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Student Health & Wellness Center


TB Skin Testing and Recommendation

The American College Health Association (ACHA) recommend TB screening for high-risk students within 3-6 months prior to or after college entrance.


*ALL LPC-CHABOT DISTRICT EMPLOYEE (INCLUDING but not limit too; Faculty/Staff/Classified, volunteer, Temp-short term & long term, Contracted, Student Assistant) will need to make an appointment for the T.B RISK ASSESSMENT SCREENING before any T.B skin testing is administered.

The Student Health Center does offer *free T.B test for current registered students.

T.B. Skin Test Schedule
Spring, Summer, and Fall Semester
ONLY on Monday and Tuesday

T.B Risk Assessment Screening Schedule
Spring, Summer, and Fall Semester
Monday - Thursday

Please be advised:

PLEASE NOTE T.B skin testing IS DIFFERENT FROM T.B risk assessment screening

Call us for hours and availability 
 A follow-up in 48-72 hours or 2-3 days for PPD skin test to be read.
NO TB skin testing is given on Wednesdays, Thursdays, and Fridays.

A $25 fee applies to NEW HIRED EMPLOYEES
A $25 fee applies for additional TB test requested within the same semester for missed readings or non-Chabot college requirements.




PLEASE NOTE: Students who tested positive for their TB skin test at the student health center will require a chest-x-ray clearance within two (2) weeks of the TB skin test was read to demonstrate no active Tuberculosis. Failure to provide chest-x-ray clearance will result on a temporary HOLD on student's registration.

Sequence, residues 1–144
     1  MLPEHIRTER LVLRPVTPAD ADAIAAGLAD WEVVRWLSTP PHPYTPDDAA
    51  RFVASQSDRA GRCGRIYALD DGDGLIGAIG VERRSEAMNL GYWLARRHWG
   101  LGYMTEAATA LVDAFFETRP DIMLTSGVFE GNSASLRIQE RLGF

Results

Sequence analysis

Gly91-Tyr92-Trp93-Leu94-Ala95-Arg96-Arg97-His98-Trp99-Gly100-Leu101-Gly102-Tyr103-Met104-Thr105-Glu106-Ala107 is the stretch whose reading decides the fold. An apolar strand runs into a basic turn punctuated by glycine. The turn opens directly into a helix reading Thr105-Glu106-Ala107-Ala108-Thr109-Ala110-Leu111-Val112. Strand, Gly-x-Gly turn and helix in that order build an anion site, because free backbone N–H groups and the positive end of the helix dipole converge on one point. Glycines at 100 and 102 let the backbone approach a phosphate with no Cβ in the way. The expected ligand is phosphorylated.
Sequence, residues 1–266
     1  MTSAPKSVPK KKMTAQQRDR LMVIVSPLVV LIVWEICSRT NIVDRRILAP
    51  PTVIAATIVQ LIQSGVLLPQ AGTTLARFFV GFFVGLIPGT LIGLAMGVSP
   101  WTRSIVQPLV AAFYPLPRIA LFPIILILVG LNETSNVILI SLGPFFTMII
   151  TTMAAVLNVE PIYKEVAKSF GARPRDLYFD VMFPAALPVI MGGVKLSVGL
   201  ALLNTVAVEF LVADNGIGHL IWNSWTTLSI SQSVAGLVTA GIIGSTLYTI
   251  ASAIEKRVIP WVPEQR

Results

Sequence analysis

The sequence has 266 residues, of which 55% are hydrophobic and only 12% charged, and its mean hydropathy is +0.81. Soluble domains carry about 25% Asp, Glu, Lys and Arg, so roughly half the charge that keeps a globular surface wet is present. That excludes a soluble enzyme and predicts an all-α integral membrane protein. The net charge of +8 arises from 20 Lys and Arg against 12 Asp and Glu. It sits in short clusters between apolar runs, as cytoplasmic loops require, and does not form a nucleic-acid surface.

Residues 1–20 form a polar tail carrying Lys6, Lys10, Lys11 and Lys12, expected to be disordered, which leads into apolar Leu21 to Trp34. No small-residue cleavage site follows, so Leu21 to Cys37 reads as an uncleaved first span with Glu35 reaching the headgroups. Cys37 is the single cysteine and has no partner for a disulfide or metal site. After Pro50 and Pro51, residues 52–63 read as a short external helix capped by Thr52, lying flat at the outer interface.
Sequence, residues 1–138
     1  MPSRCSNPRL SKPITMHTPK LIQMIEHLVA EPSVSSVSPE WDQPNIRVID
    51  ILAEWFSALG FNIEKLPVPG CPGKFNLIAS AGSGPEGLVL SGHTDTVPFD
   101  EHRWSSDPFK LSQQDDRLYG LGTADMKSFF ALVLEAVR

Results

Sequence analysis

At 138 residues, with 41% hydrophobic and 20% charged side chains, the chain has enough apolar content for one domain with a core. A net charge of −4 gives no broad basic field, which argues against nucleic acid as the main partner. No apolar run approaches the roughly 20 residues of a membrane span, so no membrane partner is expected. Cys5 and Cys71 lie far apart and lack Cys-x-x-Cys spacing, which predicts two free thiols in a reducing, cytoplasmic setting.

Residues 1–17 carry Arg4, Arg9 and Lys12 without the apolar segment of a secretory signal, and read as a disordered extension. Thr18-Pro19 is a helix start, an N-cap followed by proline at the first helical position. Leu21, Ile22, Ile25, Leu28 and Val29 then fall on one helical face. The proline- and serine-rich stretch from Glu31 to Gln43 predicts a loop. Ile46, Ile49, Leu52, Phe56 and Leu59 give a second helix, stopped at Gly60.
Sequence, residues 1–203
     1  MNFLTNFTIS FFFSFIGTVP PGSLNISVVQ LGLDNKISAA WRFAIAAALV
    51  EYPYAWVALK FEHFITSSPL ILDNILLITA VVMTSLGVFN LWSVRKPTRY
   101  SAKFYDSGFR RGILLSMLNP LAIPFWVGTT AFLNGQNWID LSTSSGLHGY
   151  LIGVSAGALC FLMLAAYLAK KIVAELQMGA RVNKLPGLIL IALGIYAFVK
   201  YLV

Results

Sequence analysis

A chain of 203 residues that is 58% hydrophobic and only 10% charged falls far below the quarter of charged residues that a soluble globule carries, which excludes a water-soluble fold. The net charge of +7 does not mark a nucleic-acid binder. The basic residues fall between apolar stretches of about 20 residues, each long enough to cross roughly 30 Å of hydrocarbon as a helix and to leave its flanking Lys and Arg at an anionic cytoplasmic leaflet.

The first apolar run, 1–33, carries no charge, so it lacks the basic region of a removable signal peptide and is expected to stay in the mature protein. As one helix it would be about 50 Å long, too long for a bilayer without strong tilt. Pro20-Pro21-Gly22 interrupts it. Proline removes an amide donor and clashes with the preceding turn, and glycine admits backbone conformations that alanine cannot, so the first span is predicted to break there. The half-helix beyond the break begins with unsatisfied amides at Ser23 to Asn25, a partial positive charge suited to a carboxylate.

DO NOT HAVE ANY MORE SKIN TESTS AFTER YOU HAVE TESTED POSITIVE (>10-15mm). Whether you have an active disease or not, you will always test positive.

Potential Indications for TB 2-Step (Booster) Testing

TB 2-Step testing is recommended by the Centers for Disease Control (CDC) as a baseline test for health care workers and other selected populations who have the possibility of exposure to tuberculosis as part of their student or work experience. TB 2-Step testing is done in order to get an accurate baseline TB test prior to contact with the public or patients that could have active TB.

If a person has had previous unknown infection with tuberculosis and it has been more than a year since their last TB test, it is possible for their TB test to read negative even though they have been infected. This is due to the waning of the antibody response after infection. However, receiving the TB test will stimulate the antibodies and another test done shortly within a week or the first test will demonstrate the TB infection by being read as positive or reactive.

About the TB 2-Step (Booster) Test